MELISSA BLOCK, Host:
In the 1970s, a novelty song about skunks became a hit.
(SOUNDBITE OF SONG, "DEAD SKUNK")
LOUDON WAINWRIGHT III: (Singing) Dead skunk in the middle of the road. Dead skunk in the middle of the road. Dead skunk in the middle of the road, stinking to high heaven...
BLOCK: You might not think this song by Loudon Wainwright III would be playing out in the big city but think again. As NPR's Cheryl Corley reports, the skunk population in Illinois is on the rise, especially in the Chicago area.
CHERYL CORLEY: So I get out of the car, and the smell of skunk is undeniable.
BRANDON OWEN: It's from another skunk I had picked up. It's from one of our traps.
CORLEY: There is a slight stench as Brandon Owens steps out of his truck. The biologist is a wildlife technician with ABC Humane Wildlife Control. The company has captured 687 skunks so far this year in northeastern Illinois, about 200 more than last year. Owen and company president Vito Brancato are on a skunk run in Des Plaines, a suburb near Chicago's O'Hare Airport. The animal is a juvenile, says Brancato.
VITO BRANCATO: We've very lucky in that way because we're going to at least be able to approach the skunk that is a little less likely to spray.
CORLEY: That's good because skunks can spray the oily substance they use to defend themselves up to 15 feet, and their aim is good. Brancato and Owen find the skunk in a small cage in the homeowner's leafy backyard. It's small. Its white stripe visible, but its head hidden behind the trapdoor. Skunks are nocturnal animals. It appears to be asleep, and thankfully, its tail is down.
RICHARD KAULBACK: This is an ongoing thing all summer.
CORLEY: Richard Kaulback, the homeowner who caught the skunk, has watched all sorts of wildlife traipse across his yard for nearly 50 years he's lived in Des Plaines. This year has been a bad year for skunks.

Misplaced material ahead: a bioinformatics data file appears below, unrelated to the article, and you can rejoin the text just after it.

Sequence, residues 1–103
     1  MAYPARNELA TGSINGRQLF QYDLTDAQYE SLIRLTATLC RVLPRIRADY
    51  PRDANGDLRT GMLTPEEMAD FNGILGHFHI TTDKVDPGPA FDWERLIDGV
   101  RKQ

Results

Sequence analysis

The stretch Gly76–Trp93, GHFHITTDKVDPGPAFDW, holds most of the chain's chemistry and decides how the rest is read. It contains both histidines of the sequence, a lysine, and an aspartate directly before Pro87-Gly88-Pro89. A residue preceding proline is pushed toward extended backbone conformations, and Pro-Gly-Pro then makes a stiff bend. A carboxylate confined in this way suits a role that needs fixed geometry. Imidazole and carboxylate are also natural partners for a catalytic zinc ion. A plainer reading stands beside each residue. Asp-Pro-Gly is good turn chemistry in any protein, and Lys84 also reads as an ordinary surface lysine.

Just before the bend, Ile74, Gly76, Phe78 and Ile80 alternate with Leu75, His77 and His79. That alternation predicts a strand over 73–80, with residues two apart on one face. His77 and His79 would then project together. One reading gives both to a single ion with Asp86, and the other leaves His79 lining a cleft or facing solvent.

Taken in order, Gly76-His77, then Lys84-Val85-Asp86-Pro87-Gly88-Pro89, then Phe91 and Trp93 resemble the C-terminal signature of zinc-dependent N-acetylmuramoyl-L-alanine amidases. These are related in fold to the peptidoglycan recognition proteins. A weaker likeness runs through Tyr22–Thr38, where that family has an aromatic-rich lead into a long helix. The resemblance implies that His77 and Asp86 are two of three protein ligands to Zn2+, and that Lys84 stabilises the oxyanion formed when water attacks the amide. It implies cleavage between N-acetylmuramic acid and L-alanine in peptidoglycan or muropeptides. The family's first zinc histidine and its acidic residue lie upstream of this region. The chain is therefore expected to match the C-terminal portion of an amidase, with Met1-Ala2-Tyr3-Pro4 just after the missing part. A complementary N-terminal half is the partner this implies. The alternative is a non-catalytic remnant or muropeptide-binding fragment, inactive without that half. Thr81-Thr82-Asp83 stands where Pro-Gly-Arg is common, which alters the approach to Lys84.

KAULBACK: Before, we had a lot of raccoons, but this is the first time we've had so many skunks. This is the second skunk we got. Third skunk?
UNIDENTIFIED MAN: (Unintelligible).
KAULBACK: Oh, yeah. OK. That's the third skunk we've gotten.
CORLEY: Brancato says skunk populations can grow large because they really don't have any natural predators.
BRANCATO: So their population numbers are only controlled by highways, you know, by cars. So they do pretty well because they don't really move a lot. Hey, you smell that?
CORLEY: It's difficult to get a real count on the number of skunks in the state, says wildlife biologist Bob Bluett. He works with the Illinois Department of Natural Resources. But the department makes a best guess by counting roadkill.
BOB BLUETT: Well, we've seen a dramatic increase. Last year, we saw a 46 percent increase.
CORLEY: Companies licensed by the department to capture skunks, snared 8,700 of them across the state last year, most in the Chicago region. Bluett isn't certain why the numbers are up, but skunks in the Midwest are prone to rabies, and there hasn't been an outbreak to lessen their numbers for more than 25 years. Even so, any skunk captured in Illinois is euthanized. And because skunk numbers are up, there's more chance of a household pet tangling with one outside. Rebecca Fyffe of the Wildlife Control Policy Institute has advice for owners of pets that get sprayed.
REBECCA FYFFE: The first thing we tell them is don't let Fido or Fifi inside.
CORLEY: Wash them outside with peroxide and baking soda, not tomato juice, as the old wives' tale recommends. And make sure pets have rabies vaccinations. Of course, skunks can't be all bad: They love grubs and help keep the insect population down. And for years, they've even had their own cartoon mascot, Pepe Le Pew.
(SOUNDBITE OF TV SHOW)
MEL BLANC: (as Pepe Le Pew) You are the aroma of spring flowers that bloom in the spring.
CORLEY: But homeowner Richard Kaulback says there's nothing adorable about a skunk.
KAULBACK: No, no, because they really stink up. Sometimes at nighttime, it's bad out here.
CORLEY: That's even with the door closed. Cheryl Corley, NPR News, Chicago.
(SOUNDBITE OF SONG, "DEAD SKUNK")
SINGER: (Singing) Take a whiff on me, that ain't no rose. Roll up your window and hold your nose. You don't have to look, and you don't have to see because you can feel it in your olfactory. You got your dead skunk in the middle of the road. Dead skunk in the middle of the road...
MICHELE NORRIS, Host:
You're listening to ALL THINGS CONSIDERED from NPR News.